PRETORIA, South Africa – The very picture of calm and cool under pressure finally let go.
The US were two minutes from getting sent home on Wednesday night, but Landon Donovan wasn’t about to let his World Cup end early again. His clutch goal in the first minute of stoppage-time gave the Americans a 1-0 victory over Algeria, and bedlam erupted by the corner flag as his jubilant team dog-piled him.
Once the celebration died down, the emotions finally got the best of Donovan in the postgame press conference.
“I’ve been through a lot in the last four years,” said a teary Donovan, who needed a few moments to compose himself. “I’m so glad it culminated this way and it makes me believe in good in the world – and when you try to do things the right way, it’s good to see them get rewarded.”
The US’ advancement to the Round of 16 undoubtedly will help Donovan put some of his demons to bed. He admitted that his low point of the past four years on the field was, not surprisingly, the Americans’ three-and-out performance at the 2006 World Cup in Germany, a failure Donovan has taken personally.
But it goes much deeper than that. The US star said his lowest point personally was “July of last year,” a reference to his painful split with ex-wife Bianca Kajlich.
“Those experiences can harden you and can help you grow if you learn from them,” he added. “I spent a lot of time and I did a lot of work to get something out of those experiences, and it all came together tonight.”
Donovan hasn’t just become the all-time leading scorer in US national team history over the past several years, he has become the face of American soccer and the most recognizable player arguably ever produced Stateside. He has stepped into the role of ambassador with aplomb and, to a large degree, as he goes, the US go.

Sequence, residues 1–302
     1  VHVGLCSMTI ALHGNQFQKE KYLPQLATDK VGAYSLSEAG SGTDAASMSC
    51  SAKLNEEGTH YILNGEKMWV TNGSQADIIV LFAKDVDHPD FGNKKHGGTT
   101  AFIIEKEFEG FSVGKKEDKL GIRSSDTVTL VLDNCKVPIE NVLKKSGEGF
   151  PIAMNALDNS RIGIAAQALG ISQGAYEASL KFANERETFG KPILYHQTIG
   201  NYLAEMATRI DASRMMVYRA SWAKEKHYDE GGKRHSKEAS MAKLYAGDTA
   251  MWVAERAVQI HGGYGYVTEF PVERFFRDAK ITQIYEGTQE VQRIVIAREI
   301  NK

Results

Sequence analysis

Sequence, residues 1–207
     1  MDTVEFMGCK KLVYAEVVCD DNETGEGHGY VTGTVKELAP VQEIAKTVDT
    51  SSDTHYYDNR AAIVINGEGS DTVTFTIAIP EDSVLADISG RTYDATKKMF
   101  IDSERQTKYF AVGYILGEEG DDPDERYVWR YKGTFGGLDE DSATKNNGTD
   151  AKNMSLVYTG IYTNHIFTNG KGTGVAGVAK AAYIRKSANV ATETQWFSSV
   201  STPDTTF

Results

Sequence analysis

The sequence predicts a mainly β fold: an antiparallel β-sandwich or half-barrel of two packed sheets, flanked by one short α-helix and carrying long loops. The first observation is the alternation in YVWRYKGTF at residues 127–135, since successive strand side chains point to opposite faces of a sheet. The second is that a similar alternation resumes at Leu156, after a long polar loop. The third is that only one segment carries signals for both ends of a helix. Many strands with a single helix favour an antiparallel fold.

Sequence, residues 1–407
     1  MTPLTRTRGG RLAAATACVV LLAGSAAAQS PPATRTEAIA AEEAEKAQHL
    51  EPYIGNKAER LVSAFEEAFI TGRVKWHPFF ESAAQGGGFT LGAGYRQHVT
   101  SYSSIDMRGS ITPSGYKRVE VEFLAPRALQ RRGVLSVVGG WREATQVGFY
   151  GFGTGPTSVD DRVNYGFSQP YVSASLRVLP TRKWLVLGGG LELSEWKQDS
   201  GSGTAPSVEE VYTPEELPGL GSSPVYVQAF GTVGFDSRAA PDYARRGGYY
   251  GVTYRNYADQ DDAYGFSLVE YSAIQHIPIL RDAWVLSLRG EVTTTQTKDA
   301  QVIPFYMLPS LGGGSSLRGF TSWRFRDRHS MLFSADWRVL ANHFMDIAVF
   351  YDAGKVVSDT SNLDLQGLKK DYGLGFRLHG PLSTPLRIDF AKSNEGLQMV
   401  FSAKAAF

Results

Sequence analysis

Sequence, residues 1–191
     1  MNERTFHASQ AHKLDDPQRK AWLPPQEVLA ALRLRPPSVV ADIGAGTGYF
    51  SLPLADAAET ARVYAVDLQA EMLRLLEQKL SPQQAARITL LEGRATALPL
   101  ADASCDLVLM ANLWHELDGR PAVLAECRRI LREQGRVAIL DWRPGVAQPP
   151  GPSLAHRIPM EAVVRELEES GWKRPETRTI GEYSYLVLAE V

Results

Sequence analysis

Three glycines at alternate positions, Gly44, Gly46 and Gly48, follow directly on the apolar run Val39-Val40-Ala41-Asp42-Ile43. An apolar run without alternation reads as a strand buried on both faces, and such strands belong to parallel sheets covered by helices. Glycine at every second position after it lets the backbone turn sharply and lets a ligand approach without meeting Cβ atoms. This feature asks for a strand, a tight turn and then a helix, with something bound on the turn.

At this World Cup, Donovan has been a man on a mission. He sacrificed his offensive gifts to help the US hold down a draw with England, then drove the team to rally from a 2-0 halftime deficit against Slovenia with an impressive strike just after halftime in that match. And now, after Wednesday night, he’s probably the biggest hero in this World Cup.
According to US head coach Bob Bradley, Donovan has grown by leaps and bounds with his varied experiences over the past three tournaments, and the obstacles he has faced along the way have helped him evolve into the leader he is today.
“I think these kind of challenges came at a good time for him, and he’s never shied away from challenges,” Bradley said. “To have the chance to come back in the prime of your career ... and you know people are really counting on you, your character, your personality is at the core of how that team does. Some players play their whole careers and never experience that.”
On Wednesday night, Donovan will go to sleep knowing that he did, almost literally, all he could do to keep his team alive in South Africa. And then on Thursday, he can start processing everything he has accomplished over the past two weeks and start looking ahead to the next challenge.
But for now, he can live off the emotions. What did he see when he realized Clint Dempsey’s rebound was there for the taking?
“I saw a lot of things,” he said. Would he care to elaborate? “Not yet,” he added with a grin.
Take your time, Landon. Enjoy the moment.
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